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Water Safety Tips For Kids And Parents

From bathtubs to bays, water attracts kids. With its multiple possibilities for fun, why wouldn’t it? They can float their toys, splash, and enjoy the weightlessness of displaced gravity. 

 

Swimming, boating, diving, playing vigorously in a pool, lake or ocean (where safe)  can be singularly wonderful. Yet, the source of all can also kill even an experienced swimmer. The CDC reports:

 

  • Close to 4,000 drowning deaths occur yearly, including boat-related drownings, an average of 11 drowning deaths every day. 
  • Drowning is the second highest cause of death for children 1-4 after birth defects. 
  • For children ages 1-14, drowning is the second leading cause of unintentional injury death after motor vehicle crashes

 

Know What Drowning Really Looks Like: Identifying the Instinctive Drowning Response

 

Splashing,waving,calling out for help–Television shows and movies often depict drowning people in a dangerously inaccurate and misleading way to the general public.  Real drowning is often quiet and  overlooked and professionals are trained to spot the true signs. About half of the 750 children who drown each year die within 75 feet of an adult/parent. Ten percent are observing their children directly when it happens, not realizing they’re dying in front of them. 

 

“The drowning movements of a young child can look like they’re actually doing the dog paddle in the water, when they’re actually drowning,” says Dr. Frederick Pia, PHD. Dr. Pia originated the term “Instinctive drowning response,’ describing the behaviors of someone fighting to avoid suffocating. Close to 90 percent of drownings occur with at least one adult present.

 

People who are drowning struggle to breathe as their mouths bob above and below the water. and they can rarely call out for help. The body’s need for oxygen exponentially takes precedence over speech orto survive. They also stay in an upright position. Their arms push down on the surface as they attempt to stay afloat. Their heads tilt back and their mouths open. 

 

A drowning person generally only struggles 20-60 seconds before sinking if a trained lifeguard doesn’t rescue them. What are some ways parents can protect children and themselves from drowning?

 

Guarding Against Household Drowning Hazards 

  • An inch of water is enough to drown a child. Put a childproof door latch on your bathroom door, 
  • Drain water from bathtub
  • Store empty buckets and don’t leave them outside where they can fill with water.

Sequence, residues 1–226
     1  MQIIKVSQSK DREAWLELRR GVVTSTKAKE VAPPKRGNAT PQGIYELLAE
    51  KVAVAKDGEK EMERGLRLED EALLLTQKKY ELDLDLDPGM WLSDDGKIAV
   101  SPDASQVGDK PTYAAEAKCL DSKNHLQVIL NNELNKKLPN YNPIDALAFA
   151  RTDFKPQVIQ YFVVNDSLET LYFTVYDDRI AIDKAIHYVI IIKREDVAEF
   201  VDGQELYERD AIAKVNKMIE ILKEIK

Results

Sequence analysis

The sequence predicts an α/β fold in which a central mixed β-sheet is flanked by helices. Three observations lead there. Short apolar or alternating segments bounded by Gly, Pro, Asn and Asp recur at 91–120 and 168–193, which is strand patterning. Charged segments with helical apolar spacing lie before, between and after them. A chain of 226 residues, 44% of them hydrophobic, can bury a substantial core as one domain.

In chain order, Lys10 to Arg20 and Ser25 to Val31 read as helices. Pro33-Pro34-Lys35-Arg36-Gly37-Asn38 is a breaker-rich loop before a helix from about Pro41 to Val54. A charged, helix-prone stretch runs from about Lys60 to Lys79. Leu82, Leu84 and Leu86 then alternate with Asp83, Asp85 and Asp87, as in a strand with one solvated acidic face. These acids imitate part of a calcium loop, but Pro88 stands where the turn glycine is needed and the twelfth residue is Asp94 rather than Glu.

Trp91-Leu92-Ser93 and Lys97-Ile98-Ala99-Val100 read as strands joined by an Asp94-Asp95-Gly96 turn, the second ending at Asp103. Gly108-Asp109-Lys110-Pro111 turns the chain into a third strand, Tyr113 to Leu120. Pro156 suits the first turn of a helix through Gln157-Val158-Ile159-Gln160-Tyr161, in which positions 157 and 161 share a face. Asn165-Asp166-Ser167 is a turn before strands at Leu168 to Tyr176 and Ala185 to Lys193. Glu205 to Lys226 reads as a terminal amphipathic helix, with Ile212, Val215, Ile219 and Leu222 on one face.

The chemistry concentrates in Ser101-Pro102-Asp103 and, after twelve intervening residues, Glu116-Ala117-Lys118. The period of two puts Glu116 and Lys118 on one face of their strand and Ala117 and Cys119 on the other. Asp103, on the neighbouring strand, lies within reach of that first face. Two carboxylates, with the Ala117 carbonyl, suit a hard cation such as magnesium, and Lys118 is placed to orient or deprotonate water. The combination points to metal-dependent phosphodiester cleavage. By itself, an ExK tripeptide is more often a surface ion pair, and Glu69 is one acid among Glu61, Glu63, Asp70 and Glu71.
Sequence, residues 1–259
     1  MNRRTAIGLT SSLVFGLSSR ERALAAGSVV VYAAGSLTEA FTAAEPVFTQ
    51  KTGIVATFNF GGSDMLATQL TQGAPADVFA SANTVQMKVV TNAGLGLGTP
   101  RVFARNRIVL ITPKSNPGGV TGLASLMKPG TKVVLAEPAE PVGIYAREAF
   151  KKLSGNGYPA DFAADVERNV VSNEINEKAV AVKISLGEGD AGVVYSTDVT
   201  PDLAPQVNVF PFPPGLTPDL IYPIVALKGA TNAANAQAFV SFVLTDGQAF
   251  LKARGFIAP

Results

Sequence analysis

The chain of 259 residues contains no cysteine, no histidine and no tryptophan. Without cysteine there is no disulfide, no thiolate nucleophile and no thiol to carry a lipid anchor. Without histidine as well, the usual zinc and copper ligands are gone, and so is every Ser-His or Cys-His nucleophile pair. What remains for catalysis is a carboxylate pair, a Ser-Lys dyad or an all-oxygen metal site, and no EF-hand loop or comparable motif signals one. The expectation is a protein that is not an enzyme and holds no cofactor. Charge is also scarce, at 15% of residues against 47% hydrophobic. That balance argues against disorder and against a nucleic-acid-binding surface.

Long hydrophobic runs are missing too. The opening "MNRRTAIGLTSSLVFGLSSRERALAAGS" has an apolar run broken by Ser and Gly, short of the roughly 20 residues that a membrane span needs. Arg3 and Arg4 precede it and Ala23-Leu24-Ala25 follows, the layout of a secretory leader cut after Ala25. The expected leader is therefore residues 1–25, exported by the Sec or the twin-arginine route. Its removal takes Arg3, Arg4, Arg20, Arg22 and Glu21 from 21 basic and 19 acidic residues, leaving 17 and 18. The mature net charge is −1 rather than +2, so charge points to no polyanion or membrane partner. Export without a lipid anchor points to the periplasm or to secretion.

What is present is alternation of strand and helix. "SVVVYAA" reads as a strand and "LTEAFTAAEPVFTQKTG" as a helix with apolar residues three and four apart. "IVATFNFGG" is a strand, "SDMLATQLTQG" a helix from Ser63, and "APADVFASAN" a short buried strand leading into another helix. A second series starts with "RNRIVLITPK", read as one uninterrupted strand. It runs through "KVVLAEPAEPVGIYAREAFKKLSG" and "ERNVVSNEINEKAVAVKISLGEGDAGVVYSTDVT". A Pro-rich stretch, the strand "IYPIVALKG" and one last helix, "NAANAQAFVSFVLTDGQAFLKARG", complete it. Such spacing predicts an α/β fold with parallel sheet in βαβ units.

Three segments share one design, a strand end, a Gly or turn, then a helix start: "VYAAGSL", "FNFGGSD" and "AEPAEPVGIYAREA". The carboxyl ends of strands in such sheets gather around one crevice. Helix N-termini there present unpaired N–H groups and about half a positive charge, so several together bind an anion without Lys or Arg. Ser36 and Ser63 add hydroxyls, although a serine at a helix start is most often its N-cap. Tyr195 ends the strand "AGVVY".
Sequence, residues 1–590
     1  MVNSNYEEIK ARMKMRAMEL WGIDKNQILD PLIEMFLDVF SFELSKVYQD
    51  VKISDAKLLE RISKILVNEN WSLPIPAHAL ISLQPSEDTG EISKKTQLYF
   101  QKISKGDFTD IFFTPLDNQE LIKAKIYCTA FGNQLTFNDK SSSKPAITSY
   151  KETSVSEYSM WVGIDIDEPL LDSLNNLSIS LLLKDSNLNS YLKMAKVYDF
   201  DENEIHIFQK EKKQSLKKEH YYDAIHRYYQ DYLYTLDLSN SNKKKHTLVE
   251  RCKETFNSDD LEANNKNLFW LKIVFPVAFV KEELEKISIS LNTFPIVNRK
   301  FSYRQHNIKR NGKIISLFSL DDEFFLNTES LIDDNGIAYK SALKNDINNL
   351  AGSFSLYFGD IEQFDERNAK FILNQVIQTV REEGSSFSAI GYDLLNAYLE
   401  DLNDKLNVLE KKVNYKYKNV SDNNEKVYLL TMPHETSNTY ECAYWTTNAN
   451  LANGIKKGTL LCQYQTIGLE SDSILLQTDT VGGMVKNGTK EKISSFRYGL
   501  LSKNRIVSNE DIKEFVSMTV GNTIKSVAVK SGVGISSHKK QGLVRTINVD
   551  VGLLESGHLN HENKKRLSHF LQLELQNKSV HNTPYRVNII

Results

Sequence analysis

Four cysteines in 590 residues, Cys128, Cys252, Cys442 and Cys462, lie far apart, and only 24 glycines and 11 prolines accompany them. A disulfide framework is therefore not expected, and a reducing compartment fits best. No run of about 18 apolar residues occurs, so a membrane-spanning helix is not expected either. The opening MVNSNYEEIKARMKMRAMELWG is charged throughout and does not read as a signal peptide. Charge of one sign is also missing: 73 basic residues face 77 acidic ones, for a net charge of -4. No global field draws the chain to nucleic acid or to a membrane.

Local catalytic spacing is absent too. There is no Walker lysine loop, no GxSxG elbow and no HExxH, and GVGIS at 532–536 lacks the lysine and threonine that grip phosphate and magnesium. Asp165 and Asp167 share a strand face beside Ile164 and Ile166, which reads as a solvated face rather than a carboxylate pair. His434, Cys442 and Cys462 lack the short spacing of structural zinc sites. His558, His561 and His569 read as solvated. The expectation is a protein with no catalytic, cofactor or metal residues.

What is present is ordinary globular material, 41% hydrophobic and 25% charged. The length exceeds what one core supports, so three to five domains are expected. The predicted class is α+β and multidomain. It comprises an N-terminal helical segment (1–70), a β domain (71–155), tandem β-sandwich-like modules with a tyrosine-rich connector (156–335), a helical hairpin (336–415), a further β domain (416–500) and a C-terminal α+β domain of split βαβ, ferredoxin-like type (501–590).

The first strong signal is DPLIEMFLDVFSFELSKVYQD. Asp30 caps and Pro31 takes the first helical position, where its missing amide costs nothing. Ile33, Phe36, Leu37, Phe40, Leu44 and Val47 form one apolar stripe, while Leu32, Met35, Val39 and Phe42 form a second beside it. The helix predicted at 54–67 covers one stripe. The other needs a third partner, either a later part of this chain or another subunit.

• Secure the shower curtain out of your child’s reach. 
  • Supervise your child at bathtime and never entrust your child to another child’s care or simple presence as a safety measure. Secure shower curtains out of your child’s reach so they can’t climb or become entangled in them.

Continuous Supervision is a non-negotiable and can mean the difference between life and death. Watch older children closely when they’re in or near a pool, hot tub, or any natural body of water, like an ocean or lake. An adult in a group should have a designated, undistracted watcher to keep an eye on kids. Babies and toddlers require even more vigilance. Children under 4, able to swim or not, need an adult observing at arm’s length. Floating toys like water noodles are no substitute for an alert human being seeing to a swimming child’s safety.

    • The younger they are, the closer you need to be. Children under 4, able to swim or not, need an adult within arm’s reach observing. 
    • Parents and childcare providers should learn CPR. Period. Studies indicate children nine years old and up can learn CPR. Body strength determines the ability to perform CPR more than age. 
    • Start them young According to the American Academy of Pediatrics, all children 1 year and older should learn to swim. Keep in mind that all children develop at different rates physically and emotionally and still need to be carefully watched. Falsely believing knowing how to swim is ironclad protection against drowning can be deadly. 
    • What Kids Need to Know How to enter the water, come to the surface, around, propel themselves for at least 25 yards, and exit the water.